Category: News

Title: Regulating Knowledge Flows in the Global Age

International Workshop, Georgetown University, November 9-10, 2017


Current German and American debates about the benefits and dangers of technology transfer to China show the enormous political significance “the West” attaches to the international circulation of scientific and technological knowledge. The development of global networks made possible by the expansion of increasingly accessible and pervasive communications systems, along with the vast international circulation of knowledge and its human bearers, creates the impression that knowledge flows freely in a frictionless global space. This workshop challenges this widely held conception. It highlights the lumpiness of the global knowledge economy, the uneven distribution of power that constructs and maintains the regulatory fields of force in which knowledge in its multiple forms circulates. Ideas do not travel by themselves. On the contrary, their mobility is confined by a tight web of regulations and rules put in place by the leading industrial powers over many decades, but with increased determination after WWII. The general public, and much scholarly work, usually focuses on intellectual property rights and the trade interests of multinational companies. But these are only elements of a much larger system of knowledge control that is shaped by international technological competition between nation states. This competition revolves, moreover, not only around economic prowess but just as much around national security. Indeed, especially in the United States, economic strength and military power are increasingly understood as two sides of the same coin.

This workshop throws new light on how European states and the U.S. regulate the global flow of knowledge in the name of national security and national interest in a competitive world. Drawing on extensive research done by Daniels and Krige (who have an advance contract to publish their findings with the University of Chicago Press), the speakers were encouraged to take an historical approach. This will give due weight to the profound role played by developments going back at least to World War II and the first decades of the Cold War in shaping current regulatory regimes. The workshop will bring together scholars from the United States and Europe to shed light on the history and current practices of governmental intervention into the global flows of knowledge. It will offer new perspectives on the history of our modern “knowledge society” and on the central role that the relation of knowledge to state power has in framing concepts of national economic and military security in a globalized world.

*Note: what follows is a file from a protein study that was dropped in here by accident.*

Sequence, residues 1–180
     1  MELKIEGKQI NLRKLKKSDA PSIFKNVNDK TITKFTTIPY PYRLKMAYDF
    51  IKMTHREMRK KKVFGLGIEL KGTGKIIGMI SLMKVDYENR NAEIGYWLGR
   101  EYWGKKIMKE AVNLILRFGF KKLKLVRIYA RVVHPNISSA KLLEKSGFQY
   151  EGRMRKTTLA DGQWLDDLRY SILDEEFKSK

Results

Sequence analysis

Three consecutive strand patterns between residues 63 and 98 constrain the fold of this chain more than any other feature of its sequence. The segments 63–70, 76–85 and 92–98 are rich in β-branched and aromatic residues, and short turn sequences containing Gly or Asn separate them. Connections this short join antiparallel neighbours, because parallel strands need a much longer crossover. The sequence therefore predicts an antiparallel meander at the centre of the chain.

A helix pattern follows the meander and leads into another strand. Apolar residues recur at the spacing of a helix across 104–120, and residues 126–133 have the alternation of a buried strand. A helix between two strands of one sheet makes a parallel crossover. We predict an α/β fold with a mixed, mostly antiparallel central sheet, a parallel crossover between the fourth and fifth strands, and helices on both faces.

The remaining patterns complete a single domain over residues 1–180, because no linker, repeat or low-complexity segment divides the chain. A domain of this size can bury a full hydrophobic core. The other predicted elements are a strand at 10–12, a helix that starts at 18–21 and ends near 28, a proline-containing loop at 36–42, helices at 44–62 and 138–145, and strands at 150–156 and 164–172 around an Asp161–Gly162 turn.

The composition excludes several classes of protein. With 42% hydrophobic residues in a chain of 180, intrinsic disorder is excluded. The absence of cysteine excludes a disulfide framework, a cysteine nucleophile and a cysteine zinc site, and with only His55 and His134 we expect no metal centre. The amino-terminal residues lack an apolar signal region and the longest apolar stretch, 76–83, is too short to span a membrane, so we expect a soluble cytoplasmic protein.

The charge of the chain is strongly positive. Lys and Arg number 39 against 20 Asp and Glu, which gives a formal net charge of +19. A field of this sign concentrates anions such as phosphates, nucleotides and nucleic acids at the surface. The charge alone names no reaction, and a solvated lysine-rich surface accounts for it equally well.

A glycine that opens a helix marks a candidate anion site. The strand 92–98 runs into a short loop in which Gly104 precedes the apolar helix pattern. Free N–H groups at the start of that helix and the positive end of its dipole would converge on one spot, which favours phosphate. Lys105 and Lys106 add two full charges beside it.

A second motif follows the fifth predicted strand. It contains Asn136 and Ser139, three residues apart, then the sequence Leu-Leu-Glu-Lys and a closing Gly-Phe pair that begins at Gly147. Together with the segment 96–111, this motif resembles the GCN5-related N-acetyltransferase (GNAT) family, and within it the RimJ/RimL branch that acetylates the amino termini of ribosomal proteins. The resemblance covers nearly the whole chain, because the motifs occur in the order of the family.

For information about this event contact Mario Daniels at


Thursday, November 9
Venue: Mortara Center for International Studies
9:00am: Welcome

Mario Daniels and John Krige


Sam Weiss Evans (Tufts University): Reimagining the Governance of Objects of Security Concern

Brian Rappert (University of Exeter): Bounding Knowledge: The Knots of Defining Research in the Life Sciences

10:45-11:00am: Coffee Break

Michael A. Dennis (U.S. Naval War College): With enough safes: Maintaining the classified world in Cold War America


Mario Daniels (Georgetown University): Targeting the “Grey Zone” of Dangerous Knowledge: The Invention of U.S. Technical Data Export Controls in the 1940s

12:30-1:45pm: Lunch Break

John Krige (Georgia Tech): Controlling the Circulation of Remote Sensing Satellite Technology and Data, 1992-2000


Kevin Cuddy (General Electric Global Operations): Industry Perspectives on Export Controls and Non-Proliferation

3:15-3:45pm: Coffee Break

Jonathan Felbinger (U.S. Government Accountability Office), Judith Reppy (Cornell University): The Changing Landscape of Knowledge Production: Problems for Export Control


Richard Cupitt (Northwestern University): To List or Not to List: Emerging Dual-Use Technologies and Strategic Trade Control Lists

November 10
Venue: Mortara Center for International Studies

Jayita Sarkar (Boston University): The Market and the Bomb: The Logic of U.S. Leverage on Friendly Nuclear Suppliers


David Ivey (University of Texas, Austin): “Clowns to the left of me Jokers to the right, here I am stuck in the middle with you”: Federal Law Enforcement, Fundamental Research and Foreign Nationals in U.S. Research Universities

10:30-11:00am: Coffee Break

Quentin Michel (Université de Liège): Freedom of Academia and the Strategic Trade Control System: Has the EU Found an Appropriate Balance?


Constantin Teetzmann (Universität Freiburg): Due Diligence Obligations in International Law to Prevent Technology Transfers

12:30-1:00pm: Wrap-up and conclude